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Criticism Of John F Kennedy's Leadership And Management

2487 words - 10 pages

Thesis – President John F. Kennedy’s leadership and management of the Cuban Missile Crisis will be held up against criticism as a model of diplomacy and humanity.
John Fitzgerald Kennedy, a Democratic President of All People, was born May 29, 1917 into the wealth and prominence of two Irish Catholic families. Upon graduation from Harvard, John Kennedy joined the U.S. Navy. He commanded a Patrol PT-109 that was attacked by a Japanese Warship. Kennedy, as a very young man showed his character, risked his life while saving his crew men. He was awarded the Heroic and the Purple Heart Medals for his actions.
In 1946, Kennedy, at the age of 29, won a seat in the United States House of Representatives for the working class Bostonians. Kennedy was very frustrated with the rules and procedures that prevented him from making a significant impact for the people of the United States. Consequently, he sought greater influence and in 1952 won a seat in the Senate. During this time period John Kennedy would win a Pulitzer Prize in 1957 for his book, “Profiles in Courage” that dealt with eight Senators who took courageous positions on unpopular issues. He is the only President of the United States to receive a Pulitzer Prize.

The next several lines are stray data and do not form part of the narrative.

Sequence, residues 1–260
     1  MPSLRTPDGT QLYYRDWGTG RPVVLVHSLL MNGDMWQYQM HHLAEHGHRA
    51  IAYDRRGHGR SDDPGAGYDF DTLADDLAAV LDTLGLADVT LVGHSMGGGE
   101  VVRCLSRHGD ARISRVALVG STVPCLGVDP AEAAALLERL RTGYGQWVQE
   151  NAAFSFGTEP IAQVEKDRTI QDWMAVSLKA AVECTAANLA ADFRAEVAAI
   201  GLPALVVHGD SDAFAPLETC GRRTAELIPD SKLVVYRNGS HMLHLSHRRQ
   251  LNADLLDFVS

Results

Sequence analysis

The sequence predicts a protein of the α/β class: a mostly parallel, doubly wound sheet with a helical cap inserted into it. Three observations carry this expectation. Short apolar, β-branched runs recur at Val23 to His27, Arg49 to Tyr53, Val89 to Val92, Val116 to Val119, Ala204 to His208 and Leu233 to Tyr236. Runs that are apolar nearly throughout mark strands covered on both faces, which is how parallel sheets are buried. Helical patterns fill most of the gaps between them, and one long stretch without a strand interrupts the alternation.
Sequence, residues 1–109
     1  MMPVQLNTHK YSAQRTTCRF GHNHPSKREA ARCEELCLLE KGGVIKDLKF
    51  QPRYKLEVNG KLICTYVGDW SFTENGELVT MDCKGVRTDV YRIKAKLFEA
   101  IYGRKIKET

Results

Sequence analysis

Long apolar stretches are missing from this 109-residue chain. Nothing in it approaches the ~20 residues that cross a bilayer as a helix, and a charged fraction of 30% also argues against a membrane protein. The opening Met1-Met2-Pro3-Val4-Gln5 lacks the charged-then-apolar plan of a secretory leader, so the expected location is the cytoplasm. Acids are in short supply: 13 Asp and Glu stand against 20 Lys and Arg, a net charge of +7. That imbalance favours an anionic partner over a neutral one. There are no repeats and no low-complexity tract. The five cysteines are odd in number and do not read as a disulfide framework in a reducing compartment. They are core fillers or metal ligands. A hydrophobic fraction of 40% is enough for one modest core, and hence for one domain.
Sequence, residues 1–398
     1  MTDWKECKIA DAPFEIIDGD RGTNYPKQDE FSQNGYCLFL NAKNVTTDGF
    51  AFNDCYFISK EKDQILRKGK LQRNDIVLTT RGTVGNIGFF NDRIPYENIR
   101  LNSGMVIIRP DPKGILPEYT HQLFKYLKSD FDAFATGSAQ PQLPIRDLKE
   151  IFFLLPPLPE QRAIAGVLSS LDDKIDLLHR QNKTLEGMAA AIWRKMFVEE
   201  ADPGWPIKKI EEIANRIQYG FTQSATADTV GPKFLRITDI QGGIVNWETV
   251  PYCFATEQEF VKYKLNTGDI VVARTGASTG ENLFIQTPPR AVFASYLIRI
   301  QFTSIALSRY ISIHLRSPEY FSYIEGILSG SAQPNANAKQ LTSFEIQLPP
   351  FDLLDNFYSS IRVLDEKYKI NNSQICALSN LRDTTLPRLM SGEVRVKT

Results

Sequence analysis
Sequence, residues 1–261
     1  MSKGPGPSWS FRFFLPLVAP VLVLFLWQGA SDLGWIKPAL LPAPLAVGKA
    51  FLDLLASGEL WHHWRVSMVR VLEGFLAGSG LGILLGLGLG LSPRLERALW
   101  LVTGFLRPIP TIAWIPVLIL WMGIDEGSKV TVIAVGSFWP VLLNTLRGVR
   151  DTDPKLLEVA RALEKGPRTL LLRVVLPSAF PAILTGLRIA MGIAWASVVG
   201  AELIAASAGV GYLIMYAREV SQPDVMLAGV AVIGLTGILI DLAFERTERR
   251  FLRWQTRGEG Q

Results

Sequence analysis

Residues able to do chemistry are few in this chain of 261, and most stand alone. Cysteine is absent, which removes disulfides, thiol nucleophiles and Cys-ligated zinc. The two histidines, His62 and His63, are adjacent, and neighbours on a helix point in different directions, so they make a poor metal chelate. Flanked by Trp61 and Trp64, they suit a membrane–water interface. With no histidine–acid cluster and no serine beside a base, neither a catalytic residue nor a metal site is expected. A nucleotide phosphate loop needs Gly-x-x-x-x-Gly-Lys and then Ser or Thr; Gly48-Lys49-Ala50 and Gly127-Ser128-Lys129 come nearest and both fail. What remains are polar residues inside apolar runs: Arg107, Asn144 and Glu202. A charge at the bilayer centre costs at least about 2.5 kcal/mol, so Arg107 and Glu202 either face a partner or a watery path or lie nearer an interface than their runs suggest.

Kennedy’s interests were drawn to the challenges posed by the Soviet Union’s growing nuclear arsenal and the Cold War. On November 8th, 1960 John F. Kennedy became the 35th President of the United States. The challenge of the Cold War would stretch the fiber of Kennedy’s strength and character as a President.
Kennedy’s Presidency and his leadership can be seen as a pivotal time for not only Americans but for the whole world at the time as well as for present day. “For thirteen days in October 1962 the world waited seemingly on the brink of nuclear war and hoped for a peaceful resolution to the Cuban Missile Crisis”. The Soviet Union and the United States of America were allies during World War II and had not been in conflict directly. The two were in opposition of their political make up of Communism versus Democracy which was heightened by the nuclear arm race. In October 1962 an American Spy Plane photographed the construction of missile sites on Cuban soil by the Soviet Union. The Soviet Union Premier Nikita Krushchev believed placing missiles on Cuban soil would shift the balance in the arms competition because Soviet short range ballistic missiles would now be capable of reaching the United States in minimal time due to Cuban proximity to the United States. This Cold War development between two nuclear superpowers threatened nuclear Armageddon.
It is through President Kennedy’s management of the Cuban Missile Crisis that strategists and historians disagree. The contradicting views of Kennedy’s decisions and actions, keeping in mind of what was at stake, are difficult to comprehend. “Dwight Eisenhower had calculated in...

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